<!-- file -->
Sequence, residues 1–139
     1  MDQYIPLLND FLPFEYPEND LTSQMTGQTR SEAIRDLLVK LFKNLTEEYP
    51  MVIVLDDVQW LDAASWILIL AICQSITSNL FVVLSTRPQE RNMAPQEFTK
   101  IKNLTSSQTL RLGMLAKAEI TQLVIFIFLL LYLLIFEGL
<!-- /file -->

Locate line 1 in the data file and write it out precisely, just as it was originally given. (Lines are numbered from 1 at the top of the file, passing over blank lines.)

Sequence, residues 1–139